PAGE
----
After looking at our CBC photographs sent by a writer-friend from B.C., we thought we would appeal to our readers, assuming, of course, there are any. Most of the compounds in English that express a state or attitude of hatred or loathing end in “-phobia” which really means “a fear of or an aversion to.” We need a stronger declarative suffix. Is there an apter ending that expresses “hatred of” or “dislike of” than “antipatho” or “apatheia”? “Photophobia” as “photoantipatho(s)” has a charm and a rhythm of its own but the adjective “photoantipathetic” sounds awkward and there may be issues of vowel disharmonies & c. Using μίσος, έχθρα for “hatred” and “μισητός,” “αξιομίσητος” for “hateful” yield unfamiliar compounds as does “andia/e” in what is presumably Attic, not dhimotiki.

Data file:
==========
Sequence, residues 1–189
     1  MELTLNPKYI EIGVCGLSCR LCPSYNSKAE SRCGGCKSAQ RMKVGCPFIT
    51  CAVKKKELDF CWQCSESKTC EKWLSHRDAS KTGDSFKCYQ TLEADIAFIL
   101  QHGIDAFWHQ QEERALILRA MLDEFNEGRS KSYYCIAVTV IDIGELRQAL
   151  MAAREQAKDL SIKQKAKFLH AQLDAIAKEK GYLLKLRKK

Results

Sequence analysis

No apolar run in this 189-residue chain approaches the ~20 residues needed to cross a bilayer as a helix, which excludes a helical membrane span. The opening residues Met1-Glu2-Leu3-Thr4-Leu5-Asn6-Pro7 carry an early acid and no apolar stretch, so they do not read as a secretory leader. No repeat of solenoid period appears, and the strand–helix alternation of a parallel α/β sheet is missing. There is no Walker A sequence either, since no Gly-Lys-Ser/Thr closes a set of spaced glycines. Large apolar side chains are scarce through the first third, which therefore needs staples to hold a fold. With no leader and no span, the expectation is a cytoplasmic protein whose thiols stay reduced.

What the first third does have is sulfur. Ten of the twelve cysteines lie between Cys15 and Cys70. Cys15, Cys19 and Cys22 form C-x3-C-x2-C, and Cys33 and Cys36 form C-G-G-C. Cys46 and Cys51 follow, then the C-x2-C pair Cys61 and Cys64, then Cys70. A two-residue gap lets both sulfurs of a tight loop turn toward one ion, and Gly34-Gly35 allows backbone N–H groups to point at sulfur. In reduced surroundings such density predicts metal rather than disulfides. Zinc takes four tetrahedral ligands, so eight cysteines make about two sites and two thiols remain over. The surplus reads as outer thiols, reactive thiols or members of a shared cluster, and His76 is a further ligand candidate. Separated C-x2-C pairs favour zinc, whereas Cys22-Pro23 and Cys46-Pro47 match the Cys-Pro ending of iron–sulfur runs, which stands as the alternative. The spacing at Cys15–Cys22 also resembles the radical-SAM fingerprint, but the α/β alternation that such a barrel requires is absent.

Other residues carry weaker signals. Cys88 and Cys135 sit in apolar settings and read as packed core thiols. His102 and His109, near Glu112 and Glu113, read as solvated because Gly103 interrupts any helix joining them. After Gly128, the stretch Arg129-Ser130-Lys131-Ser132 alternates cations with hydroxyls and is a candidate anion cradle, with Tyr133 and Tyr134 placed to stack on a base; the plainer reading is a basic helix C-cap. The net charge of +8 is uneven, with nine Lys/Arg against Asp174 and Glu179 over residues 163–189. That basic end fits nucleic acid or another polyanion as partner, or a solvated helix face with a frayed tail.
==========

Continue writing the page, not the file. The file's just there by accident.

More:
Other Indo-European languages are not English-friendly for compound-making either. Monier-Williams presents from the Sanskrit the interesting but unusable “acyutarus” (inveterate hatred), “atithidvesa” (hatred of guests, inhospitality) which describes our state during periods of enforced report writing, even “baddhadvesa” (entertaining hatred) presumably directed at politicians south of the border. There are “brahmadvesa” (hatred of sacred knowledge) and “anuzaya” the masculine form of which expresses hatred or intense enmity whereas the feminine substantive refers, fittingly, to a boil on the head or, more puzzlingly, to a disease of the foot. Everyone ought to be familiar with “karyapradvesa” (hatred of work) and must have succumbed to “udyudh,” to “bubble up” (as water) in hatred or enmity, once or twice. “Virodhin” can mean enmity or hatred but also “the restiveness of a horse.” (In this frolicsome spirit, we skip the Sanskrit for “dislike” in case we bubble over some more madly entertaining words).
Perhaps some Latinists, Farsi scholars, or other linguophiles, can send in their suggestions. It’s hard to live with a phobophobe, someone with fear and loathing of phobias in any language.